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Learn about the education and preparation needed to become a teacher's aide. Get a quick view of the requirements as well as details about schooling, job duties and training to find out if this is the career for you.
Teacher aides provide support for full-time teachers, helping them with clerical work and classroom activities. This can involve providing individual attention to students in need of extra assistance or monitoring students while the teacher is out. Those interested in being a teacher's aide should complete an associate's degree or two years of college; however a high school diploma and training are sufficient in some districts.
|Required Education||Associate's degree or two years of college generally required; high school diploma acceptable for some districts|
|Other Requirements||On-the-job training typically required|
|Projected Job Growth (2012 - 2022)*||9%|
|Mean Salary (2013)*||$25,570 annually|
Source: *U.S. Bureau of Labor Statistics.
An associate's degree is usually required for teacher aide positions. However sometimes a teacher's aide can get by with a high school diploma and some on-the-job training. Many employers prefer to hire a teacher's aide with some college experience. This can either be an associate's degree or bachelor's degree in education or a related field. Many teacher aides pursue a college education to help them prepare for moving into full-time teaching positions.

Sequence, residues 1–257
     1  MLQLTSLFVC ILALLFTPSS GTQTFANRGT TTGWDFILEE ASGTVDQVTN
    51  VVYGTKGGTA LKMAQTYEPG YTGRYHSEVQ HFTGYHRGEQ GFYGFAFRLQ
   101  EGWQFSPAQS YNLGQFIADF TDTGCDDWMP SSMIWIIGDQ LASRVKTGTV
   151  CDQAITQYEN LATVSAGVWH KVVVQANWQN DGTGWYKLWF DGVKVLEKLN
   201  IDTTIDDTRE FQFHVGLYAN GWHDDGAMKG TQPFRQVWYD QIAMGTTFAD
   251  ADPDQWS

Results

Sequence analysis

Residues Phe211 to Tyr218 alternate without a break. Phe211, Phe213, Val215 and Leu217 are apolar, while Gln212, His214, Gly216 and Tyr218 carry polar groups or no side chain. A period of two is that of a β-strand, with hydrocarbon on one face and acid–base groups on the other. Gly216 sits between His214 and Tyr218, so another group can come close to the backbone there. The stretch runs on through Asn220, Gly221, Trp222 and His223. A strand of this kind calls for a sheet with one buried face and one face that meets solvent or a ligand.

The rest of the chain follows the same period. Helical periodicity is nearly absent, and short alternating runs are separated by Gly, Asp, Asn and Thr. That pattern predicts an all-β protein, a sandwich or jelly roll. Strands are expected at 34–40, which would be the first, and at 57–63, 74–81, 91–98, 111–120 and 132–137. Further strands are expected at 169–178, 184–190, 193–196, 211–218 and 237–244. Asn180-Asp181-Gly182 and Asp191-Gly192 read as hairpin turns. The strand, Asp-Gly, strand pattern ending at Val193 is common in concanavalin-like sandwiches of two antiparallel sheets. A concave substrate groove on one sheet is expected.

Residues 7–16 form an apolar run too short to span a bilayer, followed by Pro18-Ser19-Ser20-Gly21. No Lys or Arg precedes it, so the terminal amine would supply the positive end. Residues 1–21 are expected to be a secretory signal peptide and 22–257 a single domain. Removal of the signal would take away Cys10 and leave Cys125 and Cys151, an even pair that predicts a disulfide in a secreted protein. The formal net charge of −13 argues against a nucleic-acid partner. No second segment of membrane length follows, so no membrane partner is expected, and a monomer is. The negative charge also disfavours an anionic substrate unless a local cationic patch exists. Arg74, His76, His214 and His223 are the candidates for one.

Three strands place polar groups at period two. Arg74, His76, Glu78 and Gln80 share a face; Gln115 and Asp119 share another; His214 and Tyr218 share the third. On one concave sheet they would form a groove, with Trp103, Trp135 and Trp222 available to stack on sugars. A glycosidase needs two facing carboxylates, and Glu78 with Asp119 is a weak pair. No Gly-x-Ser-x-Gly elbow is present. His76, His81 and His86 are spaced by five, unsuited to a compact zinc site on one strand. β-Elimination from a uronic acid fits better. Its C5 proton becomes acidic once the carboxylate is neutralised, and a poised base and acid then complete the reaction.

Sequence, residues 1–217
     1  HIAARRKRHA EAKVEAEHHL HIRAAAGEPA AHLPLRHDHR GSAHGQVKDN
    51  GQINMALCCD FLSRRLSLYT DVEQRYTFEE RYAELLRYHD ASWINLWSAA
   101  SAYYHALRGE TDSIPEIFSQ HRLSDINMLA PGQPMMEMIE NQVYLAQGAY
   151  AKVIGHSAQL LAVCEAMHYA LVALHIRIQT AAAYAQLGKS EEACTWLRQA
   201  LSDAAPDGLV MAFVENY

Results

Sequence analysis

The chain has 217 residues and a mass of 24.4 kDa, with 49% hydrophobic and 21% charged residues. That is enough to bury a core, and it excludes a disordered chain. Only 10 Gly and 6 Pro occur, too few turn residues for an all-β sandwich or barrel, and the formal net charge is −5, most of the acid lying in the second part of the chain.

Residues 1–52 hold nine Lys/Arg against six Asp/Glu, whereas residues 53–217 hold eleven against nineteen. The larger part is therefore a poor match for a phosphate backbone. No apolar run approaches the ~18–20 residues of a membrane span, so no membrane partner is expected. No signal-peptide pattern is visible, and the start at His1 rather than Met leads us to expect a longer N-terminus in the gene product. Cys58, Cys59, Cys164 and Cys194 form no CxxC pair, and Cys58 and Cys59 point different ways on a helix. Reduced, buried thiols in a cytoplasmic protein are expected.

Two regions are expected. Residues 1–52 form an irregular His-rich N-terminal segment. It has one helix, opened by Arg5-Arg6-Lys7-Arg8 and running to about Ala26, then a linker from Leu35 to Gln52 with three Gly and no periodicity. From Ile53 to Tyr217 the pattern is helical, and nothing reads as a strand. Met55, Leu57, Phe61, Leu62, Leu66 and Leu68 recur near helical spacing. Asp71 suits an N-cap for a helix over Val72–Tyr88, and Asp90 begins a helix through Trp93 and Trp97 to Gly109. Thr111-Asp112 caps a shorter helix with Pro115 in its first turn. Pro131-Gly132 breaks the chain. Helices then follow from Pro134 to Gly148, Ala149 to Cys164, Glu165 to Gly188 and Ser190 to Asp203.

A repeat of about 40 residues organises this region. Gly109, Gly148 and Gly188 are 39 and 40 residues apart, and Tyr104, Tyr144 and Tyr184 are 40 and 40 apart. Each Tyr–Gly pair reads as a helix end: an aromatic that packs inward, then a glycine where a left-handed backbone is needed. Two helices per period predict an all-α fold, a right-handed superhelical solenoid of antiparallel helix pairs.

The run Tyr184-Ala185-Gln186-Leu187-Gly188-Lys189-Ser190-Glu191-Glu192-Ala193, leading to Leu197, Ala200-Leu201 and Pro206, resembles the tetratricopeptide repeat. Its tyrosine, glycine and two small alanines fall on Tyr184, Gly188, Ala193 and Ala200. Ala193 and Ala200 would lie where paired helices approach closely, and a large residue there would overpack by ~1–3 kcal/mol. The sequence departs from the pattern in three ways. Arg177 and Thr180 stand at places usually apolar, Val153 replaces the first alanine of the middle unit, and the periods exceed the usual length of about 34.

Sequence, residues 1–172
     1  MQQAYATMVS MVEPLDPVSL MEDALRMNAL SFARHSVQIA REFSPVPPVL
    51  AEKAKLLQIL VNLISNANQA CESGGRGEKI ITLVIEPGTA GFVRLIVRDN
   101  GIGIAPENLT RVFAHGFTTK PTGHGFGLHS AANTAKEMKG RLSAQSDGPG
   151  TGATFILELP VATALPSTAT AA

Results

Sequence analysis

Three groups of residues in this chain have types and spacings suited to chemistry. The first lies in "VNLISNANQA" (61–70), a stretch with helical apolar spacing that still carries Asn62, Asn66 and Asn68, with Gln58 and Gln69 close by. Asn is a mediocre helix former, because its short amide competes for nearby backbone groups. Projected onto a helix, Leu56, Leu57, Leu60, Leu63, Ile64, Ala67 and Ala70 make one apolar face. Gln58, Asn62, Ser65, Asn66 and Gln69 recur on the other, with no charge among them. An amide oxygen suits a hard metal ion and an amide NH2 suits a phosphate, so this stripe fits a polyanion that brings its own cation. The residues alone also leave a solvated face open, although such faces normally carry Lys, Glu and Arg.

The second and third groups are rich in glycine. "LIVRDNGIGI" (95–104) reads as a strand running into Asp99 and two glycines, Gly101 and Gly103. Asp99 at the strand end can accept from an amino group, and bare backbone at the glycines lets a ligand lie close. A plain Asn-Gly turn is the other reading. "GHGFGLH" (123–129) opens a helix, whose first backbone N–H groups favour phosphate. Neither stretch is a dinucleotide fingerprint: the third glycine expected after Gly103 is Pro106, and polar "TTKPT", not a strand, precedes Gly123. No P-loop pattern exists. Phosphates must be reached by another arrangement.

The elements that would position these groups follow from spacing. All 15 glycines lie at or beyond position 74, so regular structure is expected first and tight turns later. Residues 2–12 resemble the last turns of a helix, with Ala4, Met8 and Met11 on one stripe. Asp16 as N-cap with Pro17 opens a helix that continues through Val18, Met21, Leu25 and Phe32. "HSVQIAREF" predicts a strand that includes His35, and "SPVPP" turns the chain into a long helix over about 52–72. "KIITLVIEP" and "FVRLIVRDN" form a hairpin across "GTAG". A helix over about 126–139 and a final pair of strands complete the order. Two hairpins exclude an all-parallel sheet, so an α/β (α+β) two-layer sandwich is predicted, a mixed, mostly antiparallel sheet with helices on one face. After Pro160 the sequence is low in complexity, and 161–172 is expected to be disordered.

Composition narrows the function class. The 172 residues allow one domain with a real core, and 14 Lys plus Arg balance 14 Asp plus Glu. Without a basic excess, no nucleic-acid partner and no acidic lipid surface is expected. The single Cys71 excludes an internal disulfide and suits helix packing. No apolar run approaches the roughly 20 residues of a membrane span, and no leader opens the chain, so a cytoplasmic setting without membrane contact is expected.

Job training is typically done by the employer who helps a new teacher's aide understand the rules and operations of the workplace. Teacher's aides must know the appropriate responses when dealing with children and how to properly show educational materials to the classroom. Additionally, learning to follow the instructions of a teacher is extremely important.
Organizations like the National Education Association can provide additional information on teacher's aide training and any necessary state work requirements (www.nea.org). For specific training information an aspiring teacher's aide can contact the National Resource Center for Paraprofessionals (www.nrcpara.org).
A teacher's aide's job is to assist a teacher and reinforce the instruction taught in the classroom to students. This can include going over lessons with students individually, answering questions or grading assignments. A teacher's aide may be asked to supervise the students outside of the classroom on the playground, during bathroom breaks, at lunch time and on field trips. When class is not in session, a teacher's aide might assist by entering grades or typing up class summaries.
A teacher may give the answer key to a particular test or work assignment to the teacher's aide, allowing them to grade papers. A teacher's aide helps with the integration of technology into the classroom, helping set up computers and projectors, for example. A teacher's aide may also organize the classroom and put supplies in order.
According to the U.S. Bureau of Labor Statistics, teacher assistants typically do not work all year-round but still receive an annual salary (www.bls.gov). In May 2013, the mean yearly income for a teacher assistant was $25,570. The top ten percent of earners made $36,770 or higher while those in the lowest ten percent made $17,300 or lower. Colleges, universities and professional schools paid their teacher assistants an annual mean salary of $28,780, while secondary and elementary school teacher assistants earned $25,860 annually.